A great raconteur but a flawed man
Towheed Feroze

Understanding the disconnect between Humayun Ahmed’s work and the life he lived

    Photo- Khaled Muntasir/Dhaka Tribune

Someone once said that a writer should not be judged by his personal life but by his books, the characters in his work and their actions. As an aphorism it sounds appropriate but once a writer becomes a social commentator, presenting the subtle evolution of society as well as human nature, his own life inadvertently gets entangled with his works.

Maybe an example will make things clear, take an actor for instance, however idealistic his roles in films, once s/he has secured a place among the fans, his/her private life soon starts to be juxtaposed against the characters portrayed in film.

So, if a hero is an immoral drunkard in real life, his real life bad boy image soon begins to erode the good guy played in the movies. Of course, in Hollywood of the forties and fifties, actors and actresses were expected to be a little flamboyant in real life, thus creating the exalted world of superstars where adultery was an added spice to life, and infidelity was the forbidden fruit of choice.

Then again, the lure of the wicked did not last long because in today’s world, the masses expect their film stars to be a lot more down to Earth. Transgressors still survive but they are more ridiculed than revered.

Right, to get to our man of the moment – Humayun Ahmed, the noted writer, passed away a year ago, and while a large section of readers have yet to come to accept the suddenness of his death, the literary world is feeling somewhat lost. After all, he managed to create a very middle-class world of literature, where idealism ruled supreme, with human follies never managing to overshadow human caprices.

Looking at most of his words one ideology always stands out – the rigid determination of a simple person or persons against the tide of superficial consumerism.

Shall we say, Ahmed’s world of fiction is actually utopian because the characters are to a large extent bordering on perfection? The protagonist is often the struggling man in an urban/semi-urban setting, clasping doggedly to puritan values. Consequently, one does not get a womaniser, gambler or a drinker as the main characters.

Similarly, the women are reflective beings, almost never giving in to materialist allure. Sex has been cleverly relegated by the union of minds, which is presented as the dominant force. The writer took all these almost chaste items and then added the so-called moral strictness of the middle class.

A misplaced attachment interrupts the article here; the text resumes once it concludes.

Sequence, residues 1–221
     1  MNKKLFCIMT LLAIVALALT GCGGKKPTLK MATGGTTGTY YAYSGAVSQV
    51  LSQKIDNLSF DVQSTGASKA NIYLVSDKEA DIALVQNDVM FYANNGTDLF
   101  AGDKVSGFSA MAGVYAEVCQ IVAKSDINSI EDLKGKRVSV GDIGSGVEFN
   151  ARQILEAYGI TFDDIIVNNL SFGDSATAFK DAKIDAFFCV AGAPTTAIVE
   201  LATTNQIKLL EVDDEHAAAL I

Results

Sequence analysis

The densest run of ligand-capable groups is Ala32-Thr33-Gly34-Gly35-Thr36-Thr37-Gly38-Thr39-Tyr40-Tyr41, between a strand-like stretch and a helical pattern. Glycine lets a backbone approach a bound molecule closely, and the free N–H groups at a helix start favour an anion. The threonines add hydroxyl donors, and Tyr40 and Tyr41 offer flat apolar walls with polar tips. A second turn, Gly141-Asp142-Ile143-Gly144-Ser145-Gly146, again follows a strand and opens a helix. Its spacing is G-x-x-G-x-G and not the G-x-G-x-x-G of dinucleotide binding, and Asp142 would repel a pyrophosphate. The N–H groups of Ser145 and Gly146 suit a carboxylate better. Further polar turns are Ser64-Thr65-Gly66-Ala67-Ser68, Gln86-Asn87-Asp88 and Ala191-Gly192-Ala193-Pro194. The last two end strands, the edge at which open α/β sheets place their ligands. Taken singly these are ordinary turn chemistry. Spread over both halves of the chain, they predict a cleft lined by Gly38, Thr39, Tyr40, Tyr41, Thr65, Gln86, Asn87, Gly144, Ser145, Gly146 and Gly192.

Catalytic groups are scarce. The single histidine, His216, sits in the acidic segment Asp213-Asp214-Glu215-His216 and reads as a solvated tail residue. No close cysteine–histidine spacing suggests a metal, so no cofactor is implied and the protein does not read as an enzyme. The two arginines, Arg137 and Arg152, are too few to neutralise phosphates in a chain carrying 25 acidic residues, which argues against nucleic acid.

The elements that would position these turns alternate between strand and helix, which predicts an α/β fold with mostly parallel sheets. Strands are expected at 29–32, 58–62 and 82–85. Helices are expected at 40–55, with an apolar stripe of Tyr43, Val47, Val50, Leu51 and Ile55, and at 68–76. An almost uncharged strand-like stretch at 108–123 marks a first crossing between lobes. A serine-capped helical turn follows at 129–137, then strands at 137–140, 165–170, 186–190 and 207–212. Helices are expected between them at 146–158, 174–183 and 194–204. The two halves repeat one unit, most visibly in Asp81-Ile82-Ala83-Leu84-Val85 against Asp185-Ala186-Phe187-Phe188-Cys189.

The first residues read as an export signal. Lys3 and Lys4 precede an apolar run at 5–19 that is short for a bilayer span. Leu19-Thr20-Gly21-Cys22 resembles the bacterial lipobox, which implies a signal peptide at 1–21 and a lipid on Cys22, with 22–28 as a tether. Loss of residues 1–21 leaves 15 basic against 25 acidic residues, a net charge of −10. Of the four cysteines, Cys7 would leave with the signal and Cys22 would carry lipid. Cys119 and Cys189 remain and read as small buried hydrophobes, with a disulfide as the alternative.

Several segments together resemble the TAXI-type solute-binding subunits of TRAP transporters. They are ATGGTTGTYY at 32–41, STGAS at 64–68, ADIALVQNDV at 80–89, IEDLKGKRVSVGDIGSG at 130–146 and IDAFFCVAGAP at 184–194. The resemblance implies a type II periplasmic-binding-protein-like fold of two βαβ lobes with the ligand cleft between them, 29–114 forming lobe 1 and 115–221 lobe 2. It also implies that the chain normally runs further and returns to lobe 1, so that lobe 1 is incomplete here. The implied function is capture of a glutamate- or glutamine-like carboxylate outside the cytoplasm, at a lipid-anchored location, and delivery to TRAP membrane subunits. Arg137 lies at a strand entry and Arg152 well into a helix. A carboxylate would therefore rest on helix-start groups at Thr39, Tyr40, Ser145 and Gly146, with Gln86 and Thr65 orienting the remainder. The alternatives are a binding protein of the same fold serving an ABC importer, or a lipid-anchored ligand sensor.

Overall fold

We loved them, and will continue to love the books, but the truth is Humayun Ahmed’s world of fiction is somewhat dissonant with reality.

This writer will dare say, it’s completely detached from Ahmed’s own life, in which he did some very risky and risqué experiments. At a certain point, the writer polarised society because of particular actions, which defied the core values of the ideals his novels propagated.

Interestingly, no one ever asked him if he wanted his novels and the people in them to be romantic escapism of sorts, not be to mistaken as real.

On one hand, the books and their plots appeared very down to earth and humdrum, but look beyond the simplicity and you will find large doses of righteousness.

Let’s get one thing clear – this is not to criticise Humayun, but to try and understand a man, who, like many others before him failed to epitomise in actual life what they preached through their works.

It’s of course not essential that a writer has to be like the characters of his books, but after a certain time readers cannot accept a writer to be too different.

This is exactly why Ian Fleming is deemed a shadow of James Bond and Hemingway is but the heavy-drinking, feminine-company-loving, morose soul, vacillating between flamboyance and solitude – just like many of his characters.

Anyway, we will never know if the radical personal life decisions ever haunted Humayun Ahmed, because he never spoke of them or tried to explain himself to others. Yet, if the writer must ultimately be judged against what he writes, he stands out as a tainted man.

But a year after his death, we will not assess him by his mistakes though they will always carry on nagging the Humayun aficionado. There is indeed a void in Bangla literature because no writer has managed to wrap simple life with fairy tale morals.

After all, despite real life being so harsh, the naïve spirit in us wants to believe in happy endings, purity of monsoon rain and the magical aura of the full moon.

A raconteur is that person who can give us a dream and make it seem real. Humayun Ahmed did just that.

Perhaps in his own life he failed to live his own fantasy – but as we remember him, let’s forgive the writers’ follies and revel in his middle class fantasies that did not have wizards, witches, crystal balls and castles, but near perfect men, women and immaculate moon-lit nights.

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Towheed Feroze

Towheed Feroze is a journalist currently working in the development sector.